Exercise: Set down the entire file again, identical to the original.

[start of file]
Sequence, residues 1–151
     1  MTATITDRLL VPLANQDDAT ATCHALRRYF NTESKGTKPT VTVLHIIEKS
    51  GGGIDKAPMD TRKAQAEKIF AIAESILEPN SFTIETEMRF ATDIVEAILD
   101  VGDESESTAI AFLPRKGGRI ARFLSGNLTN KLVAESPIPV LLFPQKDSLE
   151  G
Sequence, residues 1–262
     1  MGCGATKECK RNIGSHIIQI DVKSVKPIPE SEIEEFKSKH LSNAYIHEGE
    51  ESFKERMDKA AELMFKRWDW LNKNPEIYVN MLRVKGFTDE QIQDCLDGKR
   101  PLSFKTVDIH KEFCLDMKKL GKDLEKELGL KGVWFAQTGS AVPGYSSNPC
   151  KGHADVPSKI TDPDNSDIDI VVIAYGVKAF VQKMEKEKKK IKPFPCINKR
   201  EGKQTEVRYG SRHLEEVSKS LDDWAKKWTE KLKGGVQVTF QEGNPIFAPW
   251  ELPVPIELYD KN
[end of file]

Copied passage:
Sequence, residues 1–151
     1  MTATITDRLL VPLANQDDAT ATCHALRRYF NTESKGTKPT VTVLHIIEKS
    51  GGGIDKAPMD TRKAQAEKIF AIAESILEPN SFTIETEMRF ATDIVEAILD
   101  VGDESESTAI AFLPRKGGRI ARFLSGNLTN KLVAESPIPV LLFPQKDSLE
   151  G
Sequence, residues 1–262
     1  MGCGATKECK RNIGSHIIQI DVKSVKPIPE SEIEEFKSKH LSNAYIHEGE
    51  ESFKERMDKA AELMFKRWDW LNKNPEIYVN MLRVKGFTDE QIQDCLDGKR
   101  PLSFKTVDIH KEFCLDMKKL GKDLEKELGL KGVWFAQTGS AVPGYSSNPC
   151  KGHADVPSKI TDPDNSDIDI VVIAYGVKAF VQKMEKEKKK IKPFPCINKR
   201  EGKQTEVRYG SRHLEEVSKS LDDWAKKWTE KLKGGVQVTF QEGNPIFAPW
   251  ELPVPIELYD KN